Small Wild Areas

TVA manages nearly 293,000 acres of land for the benefit of the public. Some of these lands are designated as TVA Natural Areas—home to the most scenic and ecologically significant resources of the Tennessee Valley. There are four types of these Natural Areas (see sidebar at right). Of these, the Small Wild Areas are the most accessible for pure public enjoyment.

The trails marked in red are open for hiking only; those marked in blue are open for hiking and biking.  

“These are areas TVA has set aside for conservation, for their unique aesthetic value. They are little pockets of land that we are keeping close as natural state as possible while allowing the public to enjoy their beauty—they are our gems,” explains Heather Hart, TVA Natural Resources senior conservation specialist. “At the same time, the Small Wild Areas are suitable for low-impact public usage, for activities like hiking, photography and birdwatching. So we make improvements as well as develop educational signage to make Small Wild Areas available and enjoyable for the people of the Tennessee Valley.”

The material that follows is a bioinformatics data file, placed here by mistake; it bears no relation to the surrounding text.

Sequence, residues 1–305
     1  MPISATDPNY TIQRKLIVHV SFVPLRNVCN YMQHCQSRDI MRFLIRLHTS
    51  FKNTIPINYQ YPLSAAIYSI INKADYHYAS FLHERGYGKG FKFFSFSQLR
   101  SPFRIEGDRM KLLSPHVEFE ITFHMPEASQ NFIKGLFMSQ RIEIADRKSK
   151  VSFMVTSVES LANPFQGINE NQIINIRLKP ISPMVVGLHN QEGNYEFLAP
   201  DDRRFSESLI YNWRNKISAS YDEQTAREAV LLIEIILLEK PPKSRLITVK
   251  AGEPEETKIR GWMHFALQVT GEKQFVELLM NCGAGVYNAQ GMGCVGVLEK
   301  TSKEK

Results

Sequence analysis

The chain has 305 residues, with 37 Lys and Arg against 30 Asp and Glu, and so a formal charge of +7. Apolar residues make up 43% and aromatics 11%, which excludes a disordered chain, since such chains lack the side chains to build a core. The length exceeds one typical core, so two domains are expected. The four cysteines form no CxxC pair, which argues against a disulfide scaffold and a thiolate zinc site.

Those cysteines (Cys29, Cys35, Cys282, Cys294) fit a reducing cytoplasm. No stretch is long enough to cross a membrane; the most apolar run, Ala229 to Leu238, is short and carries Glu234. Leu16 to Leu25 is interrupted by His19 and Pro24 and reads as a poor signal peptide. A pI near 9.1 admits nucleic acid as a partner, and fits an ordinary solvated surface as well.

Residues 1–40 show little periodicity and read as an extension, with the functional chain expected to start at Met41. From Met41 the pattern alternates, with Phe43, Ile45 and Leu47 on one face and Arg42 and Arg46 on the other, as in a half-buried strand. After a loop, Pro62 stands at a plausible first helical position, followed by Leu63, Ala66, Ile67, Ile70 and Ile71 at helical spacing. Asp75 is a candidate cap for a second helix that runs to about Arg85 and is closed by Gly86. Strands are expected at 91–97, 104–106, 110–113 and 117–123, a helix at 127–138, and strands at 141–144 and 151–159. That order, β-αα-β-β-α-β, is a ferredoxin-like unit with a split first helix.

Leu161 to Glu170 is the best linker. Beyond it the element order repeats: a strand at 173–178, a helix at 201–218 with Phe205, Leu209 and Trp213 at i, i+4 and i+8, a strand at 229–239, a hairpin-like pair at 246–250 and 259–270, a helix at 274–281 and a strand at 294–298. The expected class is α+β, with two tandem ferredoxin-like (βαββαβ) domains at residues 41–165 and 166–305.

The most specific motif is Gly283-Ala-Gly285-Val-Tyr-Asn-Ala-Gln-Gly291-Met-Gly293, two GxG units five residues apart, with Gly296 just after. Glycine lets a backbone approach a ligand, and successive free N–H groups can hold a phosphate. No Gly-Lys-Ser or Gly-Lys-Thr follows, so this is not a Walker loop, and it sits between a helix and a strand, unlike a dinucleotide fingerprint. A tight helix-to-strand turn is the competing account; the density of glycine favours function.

Of TVA’s 28 Small Wild Areas, 16 feature trails. They are:

Big Ridge Small Wild Area

Big Ridge TVA Small Wild Area is located on Chickamauga Dam Reservation in Hamilton County north of Chattanooga. The SWA is over 200 acres of mature upland hardwood forest; at least 60 acres being over 100 years old. A portion of the area is habitat for large-flowered skullcap (Scutelleria montana), a member of the mint family and listed as a threatened species.